I guess I’ve always been just a little left of conformity. I can appreciate the value of conforming to some social conventions for my own conscious advancement, but I also understand the significance of breaking some rules, like mixing red and pink in my outfits if I want to.
In my early grade school years, my cousins would babysit me over the summers. Being from a very small town in northwest Kansas, that was a pretty easy gig for them while my mom worked and my dad was on the road for his custom harvesting business. The lifestyle is certainly simple, but in their simplicity, small midwest towns are notorious for being slow on the uptake for new trends, fashions, and technologies. So I was left to my own druthers to express myself through fashion.
During some of the time I spent with my my one cousin (we’ll call her Adele), she advised me on my fashion sense, nourished me with fried bologna “sombreros,” and locked me in closets for the “torture game.” Now before anyone starts searching for sordid details, this was more like some rendition of hide-and-seek where I asked her to lock me in a closet to pretend “torture” me. So she, being the engaged cousin-babysitter she was, “hid” me in closets, always knew where I was, and left me there until either 1) she felt guilty enough to come let me out or 2) I asked to be let out.
Anyhow, Adele didn’t approve of my regular decision to mix red shorts with a pink shirt. She razzed me (lovingly) with, “Red and pink make you stink.” I dressed that way anyway. In my innocence, I believed it was reasonable to mix those two colors; they seem to be from the same color family if you ask me. Plus, Kansas may fall behind on the fashion time spectrum, but for all I know, I could have been a visionary. Supermodels in France were likely mixing red and pink all the time. I know now that mixing red and pink is only acceptable on Valentine’s Day. Thank you for your sage advice, Adele.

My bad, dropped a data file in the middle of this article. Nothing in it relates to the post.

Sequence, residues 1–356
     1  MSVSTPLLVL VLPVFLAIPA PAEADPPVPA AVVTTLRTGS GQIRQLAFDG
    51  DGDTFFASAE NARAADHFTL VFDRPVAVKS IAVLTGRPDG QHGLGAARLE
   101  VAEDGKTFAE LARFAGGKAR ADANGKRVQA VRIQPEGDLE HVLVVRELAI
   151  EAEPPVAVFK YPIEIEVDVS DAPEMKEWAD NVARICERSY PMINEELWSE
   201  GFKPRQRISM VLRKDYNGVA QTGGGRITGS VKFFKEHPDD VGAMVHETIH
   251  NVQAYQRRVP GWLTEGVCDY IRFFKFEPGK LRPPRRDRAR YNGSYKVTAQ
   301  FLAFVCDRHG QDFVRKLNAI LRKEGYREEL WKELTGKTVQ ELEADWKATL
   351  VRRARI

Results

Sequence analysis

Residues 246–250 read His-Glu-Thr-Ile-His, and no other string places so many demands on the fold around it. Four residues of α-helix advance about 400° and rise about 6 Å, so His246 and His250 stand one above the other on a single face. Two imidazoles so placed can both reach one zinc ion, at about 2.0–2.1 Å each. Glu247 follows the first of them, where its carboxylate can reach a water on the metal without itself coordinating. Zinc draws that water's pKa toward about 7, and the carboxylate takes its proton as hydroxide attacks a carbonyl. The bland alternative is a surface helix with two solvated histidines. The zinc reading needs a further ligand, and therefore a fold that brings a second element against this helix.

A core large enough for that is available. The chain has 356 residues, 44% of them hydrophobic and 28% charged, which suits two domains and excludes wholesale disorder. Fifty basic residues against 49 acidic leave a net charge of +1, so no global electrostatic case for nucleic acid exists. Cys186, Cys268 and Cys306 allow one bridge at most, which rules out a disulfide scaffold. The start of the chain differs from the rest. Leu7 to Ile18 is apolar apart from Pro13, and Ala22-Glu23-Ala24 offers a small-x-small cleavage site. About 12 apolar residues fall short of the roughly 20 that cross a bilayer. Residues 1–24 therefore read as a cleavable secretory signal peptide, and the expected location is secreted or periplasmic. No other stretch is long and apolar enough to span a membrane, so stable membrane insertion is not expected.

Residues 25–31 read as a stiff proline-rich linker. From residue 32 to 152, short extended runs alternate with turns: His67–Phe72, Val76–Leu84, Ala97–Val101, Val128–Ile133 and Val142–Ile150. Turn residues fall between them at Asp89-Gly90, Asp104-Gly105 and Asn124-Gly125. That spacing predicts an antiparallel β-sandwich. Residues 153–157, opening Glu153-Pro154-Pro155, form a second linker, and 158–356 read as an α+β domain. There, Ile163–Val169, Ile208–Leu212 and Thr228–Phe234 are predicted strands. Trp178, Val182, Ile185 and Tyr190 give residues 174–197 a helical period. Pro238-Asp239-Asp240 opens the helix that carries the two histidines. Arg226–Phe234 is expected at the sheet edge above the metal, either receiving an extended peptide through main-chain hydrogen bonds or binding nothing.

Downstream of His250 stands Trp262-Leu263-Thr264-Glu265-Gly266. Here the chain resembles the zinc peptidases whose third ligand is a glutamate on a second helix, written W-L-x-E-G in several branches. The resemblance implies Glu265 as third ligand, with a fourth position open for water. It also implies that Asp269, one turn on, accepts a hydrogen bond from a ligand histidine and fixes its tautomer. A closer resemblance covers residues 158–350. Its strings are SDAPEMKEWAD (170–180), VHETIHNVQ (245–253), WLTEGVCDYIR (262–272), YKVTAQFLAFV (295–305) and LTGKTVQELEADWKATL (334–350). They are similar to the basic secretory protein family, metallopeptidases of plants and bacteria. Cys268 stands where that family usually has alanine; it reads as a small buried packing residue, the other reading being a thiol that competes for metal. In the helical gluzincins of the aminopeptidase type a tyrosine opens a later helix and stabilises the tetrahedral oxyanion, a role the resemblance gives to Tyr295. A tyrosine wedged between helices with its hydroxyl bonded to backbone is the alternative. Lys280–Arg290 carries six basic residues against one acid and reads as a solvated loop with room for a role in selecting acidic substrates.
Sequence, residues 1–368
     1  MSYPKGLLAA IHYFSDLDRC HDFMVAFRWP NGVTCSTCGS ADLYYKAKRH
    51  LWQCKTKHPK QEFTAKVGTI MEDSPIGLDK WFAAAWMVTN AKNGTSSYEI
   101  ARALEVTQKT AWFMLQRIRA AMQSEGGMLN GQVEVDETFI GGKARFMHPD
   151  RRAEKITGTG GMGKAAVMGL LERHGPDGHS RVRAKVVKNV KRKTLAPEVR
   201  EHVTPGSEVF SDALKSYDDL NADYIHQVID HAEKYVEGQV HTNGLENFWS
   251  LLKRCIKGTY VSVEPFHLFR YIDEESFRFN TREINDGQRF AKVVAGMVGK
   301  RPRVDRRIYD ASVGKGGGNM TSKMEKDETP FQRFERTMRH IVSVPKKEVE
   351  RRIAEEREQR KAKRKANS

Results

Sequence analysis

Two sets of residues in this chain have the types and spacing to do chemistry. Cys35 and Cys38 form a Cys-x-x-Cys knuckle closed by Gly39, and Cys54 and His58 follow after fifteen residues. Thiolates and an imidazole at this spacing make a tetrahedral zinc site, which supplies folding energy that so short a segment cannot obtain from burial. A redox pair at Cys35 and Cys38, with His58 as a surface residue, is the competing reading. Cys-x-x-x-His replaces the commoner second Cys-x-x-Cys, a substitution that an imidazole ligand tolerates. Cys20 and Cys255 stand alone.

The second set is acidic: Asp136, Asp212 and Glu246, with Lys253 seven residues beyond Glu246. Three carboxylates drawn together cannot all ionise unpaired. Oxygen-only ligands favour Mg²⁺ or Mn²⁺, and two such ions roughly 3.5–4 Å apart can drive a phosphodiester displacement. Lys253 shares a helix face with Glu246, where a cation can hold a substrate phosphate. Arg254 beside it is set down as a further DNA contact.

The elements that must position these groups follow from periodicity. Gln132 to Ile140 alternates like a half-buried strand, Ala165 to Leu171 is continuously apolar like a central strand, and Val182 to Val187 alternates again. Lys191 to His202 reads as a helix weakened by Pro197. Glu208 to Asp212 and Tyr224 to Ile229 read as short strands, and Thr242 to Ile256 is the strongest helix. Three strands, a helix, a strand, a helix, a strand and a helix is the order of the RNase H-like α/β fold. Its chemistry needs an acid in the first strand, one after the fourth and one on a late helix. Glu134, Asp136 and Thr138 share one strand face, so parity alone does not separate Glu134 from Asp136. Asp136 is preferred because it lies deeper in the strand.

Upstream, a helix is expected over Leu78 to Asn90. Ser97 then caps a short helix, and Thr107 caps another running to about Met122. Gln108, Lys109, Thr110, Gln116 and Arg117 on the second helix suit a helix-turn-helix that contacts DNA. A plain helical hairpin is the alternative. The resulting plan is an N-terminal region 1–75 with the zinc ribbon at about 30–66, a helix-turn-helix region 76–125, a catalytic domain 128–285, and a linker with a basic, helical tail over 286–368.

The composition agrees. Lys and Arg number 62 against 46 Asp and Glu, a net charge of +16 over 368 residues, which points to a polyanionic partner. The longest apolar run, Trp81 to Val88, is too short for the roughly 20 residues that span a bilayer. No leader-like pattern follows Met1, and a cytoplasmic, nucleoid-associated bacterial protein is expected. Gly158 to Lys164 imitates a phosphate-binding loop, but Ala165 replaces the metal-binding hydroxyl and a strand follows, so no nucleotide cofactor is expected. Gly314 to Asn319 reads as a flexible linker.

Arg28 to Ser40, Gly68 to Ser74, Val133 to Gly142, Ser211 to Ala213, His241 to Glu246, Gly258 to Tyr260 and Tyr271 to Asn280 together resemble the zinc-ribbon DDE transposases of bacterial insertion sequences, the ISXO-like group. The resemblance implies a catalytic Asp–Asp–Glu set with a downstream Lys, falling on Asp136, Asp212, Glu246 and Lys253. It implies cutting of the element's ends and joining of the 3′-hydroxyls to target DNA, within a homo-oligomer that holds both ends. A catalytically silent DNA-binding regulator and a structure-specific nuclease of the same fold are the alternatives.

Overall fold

Girls’ fashion presented challenges with my mom and me too. Good mother she was (well, still is), she offered to do things like french braid my hair and take me shopping. I did not want her to braid (or even touch) my hair, and I definitely did not want her to take me shopping. To this day, I haven’t identified any root cause for my contempt of these common mother-daughter bonding activities, other than the notion that I was probably discovering my left-of-conformity identity.
One day in particular exemplifies the challenges we had together. Being raised in a Lutheran family, I found myself in the unfortunate plight of shopping for an agreeable outfit to wear for church confirmation. As it always went, Mom suggested dresses (I mean, dresses — can you imagine?) and shoes that I found obviously disagreeable. Repression has helped me cope with further painful details of shopping trauma, so alas, all I remember now is what picture albums prove — that neither of us won that confirmation contest. We settled on a baby blue knee-length skirt that appeared to be made from sweatshirt material, matching long-sleeved shirt, and brown penny loafers with tassels. Nothing about that outfit said “Lutheran confirmation.” Not that I had attended many confirmations, but I think other girls selected a much different style. Or at least didn’t fight their mothers for independence. I’m happy to report the outfit got ONE hell of a good use anyway!